Protein Engineered By NYU Langone Researchers Has Potential For New Anti-Inflammatory Treatment
March 10, 2011
Over the last 20 years research in rheumatology has focused on identifying cytokines (cell-signaling protein molecules secreted by the glial cells of the nervous system), leading to the inflammatory and degenerative processes in rheumatoid arthritis. The focus has been on TNF, tumor necrosis factor, the molecule responsible for the inflammatory process. TNF was discovered by Arthritis National Research Foundation board member and former grantee Dr. Gale Granger at UC Irvine. The molecule created and used in this study, Atsttrin, is an antagonist of TNF signaling via targeting to TNF receptors. Atsttrin is a peptide constructed from segments of proteins that originate within a cell, which has a high affinity and specificity for binding to TNF receptors.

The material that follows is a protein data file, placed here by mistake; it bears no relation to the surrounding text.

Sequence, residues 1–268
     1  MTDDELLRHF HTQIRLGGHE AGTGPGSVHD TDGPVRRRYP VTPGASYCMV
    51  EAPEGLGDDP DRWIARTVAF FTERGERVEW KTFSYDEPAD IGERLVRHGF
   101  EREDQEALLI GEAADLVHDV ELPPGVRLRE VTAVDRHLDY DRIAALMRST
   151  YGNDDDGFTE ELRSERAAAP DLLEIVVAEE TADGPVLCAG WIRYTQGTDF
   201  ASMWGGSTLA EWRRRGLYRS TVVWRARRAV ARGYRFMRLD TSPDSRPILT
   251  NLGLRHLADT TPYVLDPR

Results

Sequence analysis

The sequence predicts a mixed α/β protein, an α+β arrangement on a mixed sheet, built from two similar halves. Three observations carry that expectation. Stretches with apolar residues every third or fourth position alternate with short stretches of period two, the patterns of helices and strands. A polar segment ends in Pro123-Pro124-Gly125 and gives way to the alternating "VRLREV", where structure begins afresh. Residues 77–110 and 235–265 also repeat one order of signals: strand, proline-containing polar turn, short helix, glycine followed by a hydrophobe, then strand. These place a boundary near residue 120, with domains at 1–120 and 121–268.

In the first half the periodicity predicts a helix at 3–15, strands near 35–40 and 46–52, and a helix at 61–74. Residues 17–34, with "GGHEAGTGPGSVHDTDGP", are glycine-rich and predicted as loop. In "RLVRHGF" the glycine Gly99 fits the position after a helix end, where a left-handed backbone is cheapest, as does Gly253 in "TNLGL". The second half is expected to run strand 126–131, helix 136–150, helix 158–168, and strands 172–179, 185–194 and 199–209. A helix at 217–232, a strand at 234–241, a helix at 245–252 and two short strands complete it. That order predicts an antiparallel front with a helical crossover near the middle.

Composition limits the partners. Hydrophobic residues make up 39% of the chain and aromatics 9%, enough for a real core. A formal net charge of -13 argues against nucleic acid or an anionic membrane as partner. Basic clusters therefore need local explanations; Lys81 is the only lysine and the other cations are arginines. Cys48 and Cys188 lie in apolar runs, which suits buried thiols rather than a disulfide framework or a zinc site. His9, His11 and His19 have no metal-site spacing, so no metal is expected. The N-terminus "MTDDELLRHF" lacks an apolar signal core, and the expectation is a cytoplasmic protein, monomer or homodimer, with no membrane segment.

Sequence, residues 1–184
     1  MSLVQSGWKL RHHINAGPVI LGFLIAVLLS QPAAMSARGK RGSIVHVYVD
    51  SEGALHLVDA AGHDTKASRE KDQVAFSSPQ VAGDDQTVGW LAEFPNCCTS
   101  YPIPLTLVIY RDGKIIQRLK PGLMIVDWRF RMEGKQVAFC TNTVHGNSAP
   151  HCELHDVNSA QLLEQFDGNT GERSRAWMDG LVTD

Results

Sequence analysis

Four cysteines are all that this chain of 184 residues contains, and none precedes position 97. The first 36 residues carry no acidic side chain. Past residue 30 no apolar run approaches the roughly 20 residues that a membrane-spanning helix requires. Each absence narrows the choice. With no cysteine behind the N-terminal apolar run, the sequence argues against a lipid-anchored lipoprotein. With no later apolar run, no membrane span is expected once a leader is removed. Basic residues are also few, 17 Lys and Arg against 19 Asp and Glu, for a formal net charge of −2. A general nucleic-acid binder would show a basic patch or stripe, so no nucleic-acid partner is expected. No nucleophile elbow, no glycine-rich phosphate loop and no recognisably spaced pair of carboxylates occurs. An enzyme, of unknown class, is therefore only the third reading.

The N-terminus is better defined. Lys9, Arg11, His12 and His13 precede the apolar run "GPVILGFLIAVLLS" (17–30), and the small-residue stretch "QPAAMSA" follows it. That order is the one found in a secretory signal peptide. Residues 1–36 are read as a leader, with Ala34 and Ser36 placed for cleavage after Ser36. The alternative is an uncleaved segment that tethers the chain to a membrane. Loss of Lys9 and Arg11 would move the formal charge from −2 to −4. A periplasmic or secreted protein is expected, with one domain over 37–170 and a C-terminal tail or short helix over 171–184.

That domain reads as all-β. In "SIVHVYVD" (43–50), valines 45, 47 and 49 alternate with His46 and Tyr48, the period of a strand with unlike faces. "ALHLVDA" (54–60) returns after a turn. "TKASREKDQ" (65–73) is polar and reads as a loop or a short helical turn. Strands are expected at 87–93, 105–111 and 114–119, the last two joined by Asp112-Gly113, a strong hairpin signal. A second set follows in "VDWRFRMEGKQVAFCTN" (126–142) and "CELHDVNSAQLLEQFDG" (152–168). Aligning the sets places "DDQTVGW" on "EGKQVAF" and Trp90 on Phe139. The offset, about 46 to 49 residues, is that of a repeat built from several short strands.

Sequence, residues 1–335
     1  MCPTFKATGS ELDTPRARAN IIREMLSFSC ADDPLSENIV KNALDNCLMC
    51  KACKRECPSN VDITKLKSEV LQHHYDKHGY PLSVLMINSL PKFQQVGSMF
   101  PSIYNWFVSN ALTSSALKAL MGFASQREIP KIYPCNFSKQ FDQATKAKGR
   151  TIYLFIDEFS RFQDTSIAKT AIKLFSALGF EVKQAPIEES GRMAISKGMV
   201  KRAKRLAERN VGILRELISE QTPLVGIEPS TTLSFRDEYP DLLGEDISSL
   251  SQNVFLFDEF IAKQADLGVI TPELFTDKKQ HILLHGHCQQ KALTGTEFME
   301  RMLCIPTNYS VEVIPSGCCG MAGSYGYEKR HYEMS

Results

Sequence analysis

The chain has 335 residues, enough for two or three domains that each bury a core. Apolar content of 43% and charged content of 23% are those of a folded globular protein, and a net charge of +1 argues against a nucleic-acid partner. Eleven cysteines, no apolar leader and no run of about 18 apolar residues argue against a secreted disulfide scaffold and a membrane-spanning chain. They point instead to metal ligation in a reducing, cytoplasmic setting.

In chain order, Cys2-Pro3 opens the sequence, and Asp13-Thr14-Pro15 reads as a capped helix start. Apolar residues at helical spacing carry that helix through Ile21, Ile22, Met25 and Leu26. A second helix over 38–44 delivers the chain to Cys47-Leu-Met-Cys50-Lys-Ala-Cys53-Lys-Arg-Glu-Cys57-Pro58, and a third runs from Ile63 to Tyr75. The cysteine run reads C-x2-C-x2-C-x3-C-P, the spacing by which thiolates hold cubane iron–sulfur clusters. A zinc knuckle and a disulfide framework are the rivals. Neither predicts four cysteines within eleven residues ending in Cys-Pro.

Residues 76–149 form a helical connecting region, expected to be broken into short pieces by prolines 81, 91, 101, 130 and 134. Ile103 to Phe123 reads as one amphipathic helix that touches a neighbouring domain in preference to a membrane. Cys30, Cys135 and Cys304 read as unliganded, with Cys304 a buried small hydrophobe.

The researchers suggest that this progranulin-derived protein could result in alternative treatments to those suffering from chronic autoimmune diseases such as rheumatoid arthritis, Crohn’s diseases, ulcerative colitis, ankylosing spondylitis, plaque psoriasis and psoriatic arthritis. The creation of this new protein offers promise for an increased quality of life for millions suffering in America and around the world.
Source NYU Langone Medical Center Press Release
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